Data Protection Officer – do you need to appoint one?

17 February 2017

The concept of a ‘Data Protection Officer’ (“DPO”) for organisations processing personal data has been alive and well for many years – already a mandatory requirement in some countries and best practice in others. However, for the first time the appointment of a DPO will be mandatory under the General Data Protection Regulation (“GDPR”) for many organisations regardless of their size or whether they are processing personal data in their capacity as a controller or a processor. But before you all rush out to recruit a DPO – stop, breathe and read this blog – you may be panicking unnecessarily.

Who is required to appoint a DPO?

Under the GDPR (Article 37), there are three main scenarios where the appointment of a DPO by a controller or processor is mandatory:

  1. The processing is carried out by a public authority;
  2. The core activities of the controller or processor consist of processing operations which require regular and systematic processing of data subjects on a large scale; or
  3. The core activities of the controller or processor consist of processing on a large scale of sensitive data (Article 9) or data relating to criminal convictions / offences (Article 10).

Until recently, exactly what the terms highlighted in bold above meant has been unclear. However, ‘Guidelines on Data Protection Officers’ published by the Article 29 Working Party (“WP29”) on 16th December 2016 has added much needed clarity to elements of the requirements contained in Articles 37, 38 and 39 of the GDPR as explained in this blog.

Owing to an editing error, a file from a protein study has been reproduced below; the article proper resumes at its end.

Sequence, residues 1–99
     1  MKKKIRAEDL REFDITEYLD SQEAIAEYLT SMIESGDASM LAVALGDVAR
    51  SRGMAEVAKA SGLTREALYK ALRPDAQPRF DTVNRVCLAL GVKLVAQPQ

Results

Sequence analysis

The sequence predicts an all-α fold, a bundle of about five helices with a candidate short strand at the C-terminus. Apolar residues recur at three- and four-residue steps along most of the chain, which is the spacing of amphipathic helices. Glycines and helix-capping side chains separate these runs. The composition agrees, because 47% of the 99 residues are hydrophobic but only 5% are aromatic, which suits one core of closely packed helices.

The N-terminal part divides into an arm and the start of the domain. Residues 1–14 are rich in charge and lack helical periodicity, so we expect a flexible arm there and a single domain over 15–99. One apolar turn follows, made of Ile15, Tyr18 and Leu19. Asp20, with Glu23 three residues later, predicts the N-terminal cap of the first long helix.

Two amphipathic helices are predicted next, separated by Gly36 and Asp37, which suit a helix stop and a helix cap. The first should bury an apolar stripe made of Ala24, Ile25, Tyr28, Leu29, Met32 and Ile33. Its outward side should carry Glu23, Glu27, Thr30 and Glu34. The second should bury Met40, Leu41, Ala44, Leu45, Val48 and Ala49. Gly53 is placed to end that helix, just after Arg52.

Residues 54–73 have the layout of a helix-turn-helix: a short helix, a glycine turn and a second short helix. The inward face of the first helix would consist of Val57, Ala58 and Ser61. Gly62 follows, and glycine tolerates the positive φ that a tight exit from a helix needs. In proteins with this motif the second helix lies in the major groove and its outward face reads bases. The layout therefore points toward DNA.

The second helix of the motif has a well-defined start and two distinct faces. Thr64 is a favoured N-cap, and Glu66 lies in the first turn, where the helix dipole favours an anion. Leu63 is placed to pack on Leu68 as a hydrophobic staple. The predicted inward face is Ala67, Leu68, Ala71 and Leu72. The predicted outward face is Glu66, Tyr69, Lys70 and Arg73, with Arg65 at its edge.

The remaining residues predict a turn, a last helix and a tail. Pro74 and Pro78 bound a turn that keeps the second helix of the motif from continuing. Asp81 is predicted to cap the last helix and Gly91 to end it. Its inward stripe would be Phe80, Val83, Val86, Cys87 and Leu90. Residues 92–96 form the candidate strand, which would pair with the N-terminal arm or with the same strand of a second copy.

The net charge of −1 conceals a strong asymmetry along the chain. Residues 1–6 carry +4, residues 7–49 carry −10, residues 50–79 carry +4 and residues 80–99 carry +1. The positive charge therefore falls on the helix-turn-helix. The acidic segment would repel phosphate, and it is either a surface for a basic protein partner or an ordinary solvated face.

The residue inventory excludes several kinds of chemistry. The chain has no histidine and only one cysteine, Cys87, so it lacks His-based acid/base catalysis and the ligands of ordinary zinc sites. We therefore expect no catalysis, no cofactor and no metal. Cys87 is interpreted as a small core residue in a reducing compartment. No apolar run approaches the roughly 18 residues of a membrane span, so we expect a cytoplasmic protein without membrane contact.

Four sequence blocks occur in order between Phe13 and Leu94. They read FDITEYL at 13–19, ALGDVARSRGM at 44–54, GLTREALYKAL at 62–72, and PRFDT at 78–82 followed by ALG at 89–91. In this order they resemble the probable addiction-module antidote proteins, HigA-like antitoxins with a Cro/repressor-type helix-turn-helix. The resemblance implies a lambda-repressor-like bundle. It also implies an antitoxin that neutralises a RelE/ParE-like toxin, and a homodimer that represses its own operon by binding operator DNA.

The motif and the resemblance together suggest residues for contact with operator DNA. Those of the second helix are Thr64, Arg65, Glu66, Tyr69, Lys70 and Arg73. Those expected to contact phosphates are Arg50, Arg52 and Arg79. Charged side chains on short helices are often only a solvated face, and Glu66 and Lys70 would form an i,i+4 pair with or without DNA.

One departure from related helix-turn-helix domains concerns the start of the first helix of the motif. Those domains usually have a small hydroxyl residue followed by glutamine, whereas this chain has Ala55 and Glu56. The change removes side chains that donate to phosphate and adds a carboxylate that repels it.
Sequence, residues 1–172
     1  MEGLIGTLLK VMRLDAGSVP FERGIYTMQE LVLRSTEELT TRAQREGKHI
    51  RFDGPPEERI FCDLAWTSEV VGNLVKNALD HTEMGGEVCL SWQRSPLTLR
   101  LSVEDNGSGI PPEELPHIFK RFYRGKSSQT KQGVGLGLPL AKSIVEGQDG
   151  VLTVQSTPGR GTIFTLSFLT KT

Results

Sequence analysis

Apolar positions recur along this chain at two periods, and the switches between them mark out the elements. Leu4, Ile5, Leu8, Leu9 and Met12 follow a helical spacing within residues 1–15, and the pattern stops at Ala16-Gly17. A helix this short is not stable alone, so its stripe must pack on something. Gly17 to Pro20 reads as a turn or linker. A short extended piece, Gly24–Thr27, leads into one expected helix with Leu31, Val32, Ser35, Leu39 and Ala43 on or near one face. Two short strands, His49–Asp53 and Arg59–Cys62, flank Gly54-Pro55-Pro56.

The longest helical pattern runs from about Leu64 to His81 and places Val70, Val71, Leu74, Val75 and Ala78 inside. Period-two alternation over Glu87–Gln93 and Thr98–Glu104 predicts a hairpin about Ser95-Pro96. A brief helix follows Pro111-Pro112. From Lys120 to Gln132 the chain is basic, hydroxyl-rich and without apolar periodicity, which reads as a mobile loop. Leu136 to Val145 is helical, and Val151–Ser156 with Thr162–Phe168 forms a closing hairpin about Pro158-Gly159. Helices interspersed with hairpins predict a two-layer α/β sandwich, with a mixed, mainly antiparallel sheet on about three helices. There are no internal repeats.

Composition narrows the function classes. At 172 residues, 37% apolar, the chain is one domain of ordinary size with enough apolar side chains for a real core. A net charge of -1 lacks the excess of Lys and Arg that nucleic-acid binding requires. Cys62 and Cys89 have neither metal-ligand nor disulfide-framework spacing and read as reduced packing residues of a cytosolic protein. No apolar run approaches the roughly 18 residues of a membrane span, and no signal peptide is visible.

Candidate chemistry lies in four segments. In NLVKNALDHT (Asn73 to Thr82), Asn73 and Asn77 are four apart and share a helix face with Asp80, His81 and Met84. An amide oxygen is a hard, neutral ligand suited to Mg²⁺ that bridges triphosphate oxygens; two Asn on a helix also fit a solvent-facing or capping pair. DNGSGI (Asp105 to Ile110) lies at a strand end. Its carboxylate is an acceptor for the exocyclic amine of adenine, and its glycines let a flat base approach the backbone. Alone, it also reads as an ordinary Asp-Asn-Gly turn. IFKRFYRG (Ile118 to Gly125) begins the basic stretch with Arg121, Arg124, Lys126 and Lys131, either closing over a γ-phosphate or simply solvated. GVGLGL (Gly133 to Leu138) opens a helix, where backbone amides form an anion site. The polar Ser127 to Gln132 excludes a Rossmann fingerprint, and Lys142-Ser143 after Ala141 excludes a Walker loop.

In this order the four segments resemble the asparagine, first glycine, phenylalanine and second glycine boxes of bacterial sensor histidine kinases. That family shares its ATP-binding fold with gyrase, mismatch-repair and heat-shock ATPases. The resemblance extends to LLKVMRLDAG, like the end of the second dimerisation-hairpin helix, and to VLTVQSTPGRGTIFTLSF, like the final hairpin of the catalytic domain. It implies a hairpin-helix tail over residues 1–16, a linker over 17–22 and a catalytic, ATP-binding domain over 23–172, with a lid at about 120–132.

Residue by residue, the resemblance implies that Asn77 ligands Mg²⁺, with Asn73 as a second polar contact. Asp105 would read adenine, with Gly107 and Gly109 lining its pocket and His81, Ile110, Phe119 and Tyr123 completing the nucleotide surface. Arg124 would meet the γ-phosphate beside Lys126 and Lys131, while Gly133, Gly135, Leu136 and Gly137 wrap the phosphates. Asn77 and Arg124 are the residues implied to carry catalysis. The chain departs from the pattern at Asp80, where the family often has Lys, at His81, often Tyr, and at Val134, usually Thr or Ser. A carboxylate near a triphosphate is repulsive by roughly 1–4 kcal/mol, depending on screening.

What do the WP29 Guidelines say about the appointment of a DPO?

Understanding whether or not you need to appoint a DPO depends on the scale and scope of your data processing operations and whether they fall within the scope of Article 37 (set out above).  Below is an overview of the WP29’s guidance on the requirements for appointing a DPO:

  1. Core Activities – the WP29’s guidance clarifies that for the processing to be considered a core activity, this means it should be part of the key operations to achieve the controller/processor’s objectives which ‘forms an inextricable part of the controller’s or processor’s activity’. This would not include supporting activities such as payroll or IT support which are ancillary functions.
  1. Large Scale – the WP29 recommends that organisations take into account a number of factors when determining if their processing is of ‘large scale’ – this includes determining:

            a) the number of data subjects concerned;

            b) the volume of data or range of data items;

            c) the duration of the processing; and

            d) the geographical extent of the processing.

  1. Regular and Systematic Monitoring – the WP29 guidance confirms that processing of this type would ‘include all forms of tracking and profiling on the internet, including for the purposes of behavioural advertising’. But it is important to note that this type of monitoring is not restricted to the online environment and could also include offline activity. The WP29 has interpreted ‘regular’ monitoring to mean: ongoing/occurring at particular intervals for a particular period; recurring or repeated at fixed times or constantly or periodically taking place. The WP29 has also provided guidance on the meaning of ‘systematic’ monitoring to mean: occurring according to a system; pre-arrange, organised or methodical; taking place as part of a general plan for data collection; or carried out as part of a strategy.